Contents: Preface. Introduction. 1. India's balance of payments in historical perspective. 2. Monetary approach to balance of payments. 3. Methodology and database. 4. Demand for money in India. 5. Monetary disequilibrium and India's balance of payments. 6. Policy implications. 7. Conclusions and recommendations. Appendix--charts. Bibliography. Index.
"Persistent deficit in balance of payments has remained the chief concern for the planners and policy makers in India since long. It is an acceptable fact that unless India's BoP position improves and international indebtedness starts falling, all plans of it emerging as a superpower and an affluent country are going to remain on paper. This book analyses the causes of deficit in India's BoP and suggests long-term solution.
The book carries a detailed investigation into India's BoP since the advent of the British East India Company, identifying the historical and current factors responsible for the present deplorable status. It also attempts at a theoretical evaluation and comparison of different approaches to balance of payments. With a firm belief in the merit of the monetary approach, the author has attempted to prove that why BoP should be treated as essentially a monetary phenomenon. By computing the demand for money, reserve flow and sterilisation equations and the monetary disequilibrium factor and then empirically measuring its impact on different components of the BoP, the author concludes that disequilibrium in the domestic money market significantly influences balance of payments and further that the budget deficit and its financing by the Reserve Bank of India significantly influence the monetary disequilibrium factor. The study after making a comparison between devaluation and credit reduction as two different tools for achieving equilibrium in BoP gives its verdict in favour of credit reduction, i.e. monetary management.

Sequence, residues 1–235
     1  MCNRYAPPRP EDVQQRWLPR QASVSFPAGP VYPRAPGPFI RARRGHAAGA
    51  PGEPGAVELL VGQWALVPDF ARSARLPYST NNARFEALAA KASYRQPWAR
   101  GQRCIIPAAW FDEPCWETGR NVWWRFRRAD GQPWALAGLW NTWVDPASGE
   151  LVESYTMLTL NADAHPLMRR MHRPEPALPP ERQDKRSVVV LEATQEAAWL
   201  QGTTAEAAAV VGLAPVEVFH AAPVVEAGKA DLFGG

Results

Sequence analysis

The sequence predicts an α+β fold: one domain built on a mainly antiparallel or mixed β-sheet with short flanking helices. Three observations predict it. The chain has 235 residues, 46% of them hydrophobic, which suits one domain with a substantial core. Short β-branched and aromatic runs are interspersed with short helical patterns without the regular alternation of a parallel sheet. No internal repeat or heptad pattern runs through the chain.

The book suggests greater commitment to be made towards implementing the policy of monetary targeting and monetary discipline. Such a policy by putting a limit on the growth of money supply would restrict RBI financing of the budgetary deficit, impose fiscal discipline and ultimately serve the dual objective of bringing in price stability and BoP equilibrium. The book thus provides a monetary solution to India's BoP concerns." (jacket)